A number of patrons were sitting outside last night enjoying drinks and meals in the spring sunshine.
Holland was echoing the thoughts of many who had tried out the new Clarendon eatery and wondered what exactly it was trying to be. It seemed to be a mash-up of several restaurant concepts — a perception that was probably close to reality, given the differing visions of its initial management team and its owner.
The Clarendon eatery has gone through some messy management changes over the past month, including the recent departure of executive chef Johnny Nielson, and the new team is now trying to turn over a new leaf. To that end, Holland has hired a new chef — a fellow veteran of the Smith & Wollensky steakhouse in the District — and has embarked upon a complete revamp of Mad Rose’s menu.
With the exception of the pigs in a blanket, don’t expect much to stay the same, food-wise. Among the expected additions to the menu are:
- Calamari — Fried and tossed with a Thai BBQ sauce, served over rice noodles
- Roast Pork Rib — Slow-roasted pork, sweet potato hash, and truffle demi-glaze
- Chicken Zydeco — Chicken sauteed with roasted peppers, scallion, andouille, garlic, crimini mushrooms tossed with penne and Cajun cream sauce
- Shrimp and Grits — Jumbo Shrimp sauteed with crawfish tails and served over gouda grits and a Creole cream sauce
- Blackened Sea Bass — Pan roasted and served over rice with sweet chili champagne sauce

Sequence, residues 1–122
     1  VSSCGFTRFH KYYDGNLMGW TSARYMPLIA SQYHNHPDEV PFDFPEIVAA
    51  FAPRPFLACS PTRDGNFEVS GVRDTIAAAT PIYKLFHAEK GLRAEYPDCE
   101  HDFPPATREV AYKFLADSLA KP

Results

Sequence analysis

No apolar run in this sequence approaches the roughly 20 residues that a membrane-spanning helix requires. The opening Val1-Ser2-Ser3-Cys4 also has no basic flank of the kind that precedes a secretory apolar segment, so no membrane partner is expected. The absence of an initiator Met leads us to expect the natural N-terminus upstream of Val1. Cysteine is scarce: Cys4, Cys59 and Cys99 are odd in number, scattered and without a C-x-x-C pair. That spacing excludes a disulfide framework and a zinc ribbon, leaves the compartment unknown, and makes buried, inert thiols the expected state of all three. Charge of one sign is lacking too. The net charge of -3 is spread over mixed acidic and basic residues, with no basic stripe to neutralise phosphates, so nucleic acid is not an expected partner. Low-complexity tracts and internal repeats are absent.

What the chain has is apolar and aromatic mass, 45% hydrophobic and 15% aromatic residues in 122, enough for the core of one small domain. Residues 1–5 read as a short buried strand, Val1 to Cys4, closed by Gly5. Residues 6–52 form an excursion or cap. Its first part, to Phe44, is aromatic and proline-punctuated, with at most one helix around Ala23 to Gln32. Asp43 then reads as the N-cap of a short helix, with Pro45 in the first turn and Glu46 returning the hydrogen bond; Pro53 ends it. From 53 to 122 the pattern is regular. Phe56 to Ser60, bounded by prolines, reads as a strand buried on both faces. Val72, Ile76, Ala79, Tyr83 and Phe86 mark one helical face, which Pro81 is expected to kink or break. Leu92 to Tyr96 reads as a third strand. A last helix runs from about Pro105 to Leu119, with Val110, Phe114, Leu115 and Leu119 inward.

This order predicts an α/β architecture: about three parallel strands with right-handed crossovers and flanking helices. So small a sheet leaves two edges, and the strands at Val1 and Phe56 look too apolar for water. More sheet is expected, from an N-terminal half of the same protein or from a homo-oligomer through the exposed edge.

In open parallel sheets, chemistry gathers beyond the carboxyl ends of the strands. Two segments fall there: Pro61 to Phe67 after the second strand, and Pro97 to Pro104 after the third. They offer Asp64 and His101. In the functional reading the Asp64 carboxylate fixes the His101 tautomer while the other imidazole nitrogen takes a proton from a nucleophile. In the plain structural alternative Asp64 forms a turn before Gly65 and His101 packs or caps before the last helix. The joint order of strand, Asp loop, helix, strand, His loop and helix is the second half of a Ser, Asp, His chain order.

- Seared Scallops — Pan seared and served over mango salsa and micro greens with a citrus sauce
Although the eatery’s lounge business is going well — and they’re happy with the existing beer selection — Holland acknowledged that Mad Rose’s food business needs work. In addition to ramping up the restaurant business with the deployment of a new dinner menu, Holland says he’s hoping to attract lunch customers with $5 burger and chicken sandwich options and weekend customers with a Saturday and Sunday brunch menu.
Below are a few of the guidelines for outdoor cafes, as outlined in this county-produced flyer which is being distributed to local businesses.
- Outdoor cafes must be part of a lawful operating restaurant, cafe, or vendor with a valid license from the Commissioner of Revenue and a Certificate of Occupancy from the Zoning Office
- Outdoor seating or cafes are seasonal, permitted typically from April through November of each year, from Spring through Autumn and only during normal business operating hours. They cannot be enclosed and no parking is required.
- The Location and seating arrangements must be pre-approved as part of the Certificate of Occupancy application and should remain that way for the duration of the outdoor season.
- Umbrellas are allowed and may not have logo(s) or signs(s) without legislative approval
- Portable signs are not permitted. These include A-frame signs, triangular or arrow signs, etc. Permits must be obtained for all signs.
- Shielding of fenced area with banner or logos are not permitted. State and local permits and approval is required for other services such as ABC, health, etc.
- During the course of the season, a County staffer may visit your business as part of our observation and verification process.
We haven’t heard an “official” opening date yet, but it appears that Arlington Rooftop Bar & Grill is just about ready to open.
Photos posted on the establishment’s Facebook page show an inviting, high-ceilinged bar/lounge area chock full of flat screen TVs. The bar stools, chairs, booths — all ready for customers.
We’ve also seen photos of the wood-floored rooftop deck, with some neat views of the Courthouse area, but would-be deck-goers may have to wait until the spring to enjoy it.
It has been an especially arduous permitting process for Arlington Rooftop Bar & Grill, which had hoped to open while the weather was still warm. Building permit applications for the bar go all the way back to mid-2009.
Photos via Facebook